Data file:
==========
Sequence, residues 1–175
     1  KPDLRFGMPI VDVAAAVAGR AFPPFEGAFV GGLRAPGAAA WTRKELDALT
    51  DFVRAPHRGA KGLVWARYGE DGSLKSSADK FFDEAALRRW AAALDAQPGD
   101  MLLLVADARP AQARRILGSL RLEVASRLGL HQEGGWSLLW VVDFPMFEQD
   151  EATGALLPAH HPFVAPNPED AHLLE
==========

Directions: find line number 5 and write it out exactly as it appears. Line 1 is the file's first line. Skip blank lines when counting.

   151  EATGALLPAH HPFVAPNPED AHLLE